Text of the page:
When word first started circulating about the closing of several Catholic churches in town I wrote to the dioceses of Manchester about the fate of the family windows within Sacred Heart Church and how I might go about getting it. My ancestor, Nazaire Isabelle, was one of the founding families of the French speaking Sacred Heart Church in Concord, he along with his sons in law, George Venne and Emery Lapierre were pivotal in the fund raising and the construction of the Sacred Heart Chapel and School in 1893. They later contributed money to a very large window in the apse of the church, their names preserved in paneled glass below the larger window. After several attempts to contact the Dioceses, I heard nothing back from them.
I next wrote to Jon Chorlian, the developer of the condos being built in the church, again I heard nothing back. I finally found someone at St. John’s Church to talk to, who was not initially forth coming about the fate of the windows. He said they had been sold and didn’t know to whom. In the course of our conversation, he finally told me that they all went to a company in Georgia. With only that information to go on, I started looking online and I eventually found King Richard’s Liturgical Design & Contracting was the purchaser of all the stained glass that was removed from Sacred Heart.
It took five calls to King Richard’s before I found someone who would help me, and they were very kind in listening to my story and said that they would check and see if they had the family vent window in their inventory. After a few days they contacted me and said that they did in fact have it. The price was what I would come to call a “King Richard’s ransom”, ten times as much as what I was expecting, but at least I knew finally where it was. My plan was to watch it online and hoped maybe it would go on sale after a while.
Some time after contacting King Richard’s my mother and I went on the Upstairs Downtown tour that sponsored by Intown Concord, and Sacred Heart Church was one of the stops on the tour. We were able to view the gutted church and see the blue taped lines of “progress” for the coming condos. It was a difficult thing to see the church in this state, and my mother cried – not the most pleasant part of our tour – these changes being made “all in the name of economic vitality” so we were told.
A few months later my birthday rolled around and much to my surprise, my mother gave me a card with a photograph of our family window. A few weeks later a very large box arrived. I learned my respect for preserving family history from my mother, and after hearing the story, she had gone to great expense to secure our family window. I cried when I opened it, thinking perhaps that this piece of family history was lost to us. The window was beautiful, but in need of restoration work on the rough edges and structural support, but I was so relieved to have the window to pass down, and to be able to preserve the history I thought was gone.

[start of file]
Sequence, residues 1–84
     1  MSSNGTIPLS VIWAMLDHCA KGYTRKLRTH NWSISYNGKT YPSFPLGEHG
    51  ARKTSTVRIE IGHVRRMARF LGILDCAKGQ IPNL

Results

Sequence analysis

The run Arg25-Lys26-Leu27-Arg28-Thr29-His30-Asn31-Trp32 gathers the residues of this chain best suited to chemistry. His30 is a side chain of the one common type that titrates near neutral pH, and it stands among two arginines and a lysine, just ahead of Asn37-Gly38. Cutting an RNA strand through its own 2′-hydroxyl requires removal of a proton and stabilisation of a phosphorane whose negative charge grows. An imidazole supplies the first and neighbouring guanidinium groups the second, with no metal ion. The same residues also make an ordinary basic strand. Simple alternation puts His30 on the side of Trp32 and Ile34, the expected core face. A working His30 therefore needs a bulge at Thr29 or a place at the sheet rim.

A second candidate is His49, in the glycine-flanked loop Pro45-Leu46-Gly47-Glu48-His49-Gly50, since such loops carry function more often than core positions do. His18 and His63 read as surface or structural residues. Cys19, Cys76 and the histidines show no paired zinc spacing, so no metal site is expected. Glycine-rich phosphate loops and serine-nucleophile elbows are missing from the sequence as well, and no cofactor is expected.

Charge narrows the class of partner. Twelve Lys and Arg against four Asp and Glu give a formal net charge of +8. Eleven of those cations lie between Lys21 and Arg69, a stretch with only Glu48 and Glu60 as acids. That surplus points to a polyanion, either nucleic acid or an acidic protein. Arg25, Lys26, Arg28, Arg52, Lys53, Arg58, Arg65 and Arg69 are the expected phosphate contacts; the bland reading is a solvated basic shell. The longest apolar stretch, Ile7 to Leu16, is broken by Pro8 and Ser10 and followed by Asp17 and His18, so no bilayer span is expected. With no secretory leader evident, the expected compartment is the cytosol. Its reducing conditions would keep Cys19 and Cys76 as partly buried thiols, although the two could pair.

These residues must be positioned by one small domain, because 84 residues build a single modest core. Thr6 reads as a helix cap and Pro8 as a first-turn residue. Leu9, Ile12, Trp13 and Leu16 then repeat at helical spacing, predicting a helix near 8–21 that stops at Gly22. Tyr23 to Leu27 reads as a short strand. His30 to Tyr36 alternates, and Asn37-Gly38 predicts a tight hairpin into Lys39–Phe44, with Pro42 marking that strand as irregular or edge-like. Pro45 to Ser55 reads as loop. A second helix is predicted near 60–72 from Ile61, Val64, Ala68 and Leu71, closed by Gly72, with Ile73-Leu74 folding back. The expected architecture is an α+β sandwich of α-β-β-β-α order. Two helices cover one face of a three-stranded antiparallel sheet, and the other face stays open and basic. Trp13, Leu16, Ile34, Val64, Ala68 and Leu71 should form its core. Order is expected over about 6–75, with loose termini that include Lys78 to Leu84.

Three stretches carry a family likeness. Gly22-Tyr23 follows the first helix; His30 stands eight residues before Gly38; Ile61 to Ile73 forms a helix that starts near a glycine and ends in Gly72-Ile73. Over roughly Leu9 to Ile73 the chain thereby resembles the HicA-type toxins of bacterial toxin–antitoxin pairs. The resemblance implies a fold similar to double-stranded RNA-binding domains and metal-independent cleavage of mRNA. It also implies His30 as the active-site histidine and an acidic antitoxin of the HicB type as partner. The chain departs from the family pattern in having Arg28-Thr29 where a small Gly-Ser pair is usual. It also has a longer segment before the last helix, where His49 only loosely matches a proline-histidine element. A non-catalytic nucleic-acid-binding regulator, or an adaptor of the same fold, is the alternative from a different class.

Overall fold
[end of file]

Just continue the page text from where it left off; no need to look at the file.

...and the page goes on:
In searching for someone skilled enough to restore the window, I was referred to Susan Pratt-Smith, a stained glass artist from Northwood, NH. I did not realize her reputation at the time, but after meeting with her I began to “run” into her work at some of the local churches I had been in. I couldn’t have found a better person to do justice to this very special piece and I owe her much gratitude for her kindness and her work.
Susan delivered my window back to me a few weeks ago. I am preparing a special place to hang it within my home, so that everyone who enters can see it – in the same entryway that has seen six generations of Isabelles come and go.
The Diocese of NH was very careful to properly desanctify the church, in a ceremony that removed the most sacred objects from Sacred Heart to St. Johns, but they sold the windows to a company located out of state, without any effort to locate donor family members or other interested local parties. This would have given those families the opportunity to purchase the windows first before having to go through a third party, which would have greatly reduced the expense. These are the families who built the church, without whom there would be no church to sell to developers. As hard as it is for a community to lose a religious building like this, where baptisms, marriages and funerals have occurred for generations of families, the wholesale removal of family heirlooms such as these is a cold footnote to an otherwise difficult story.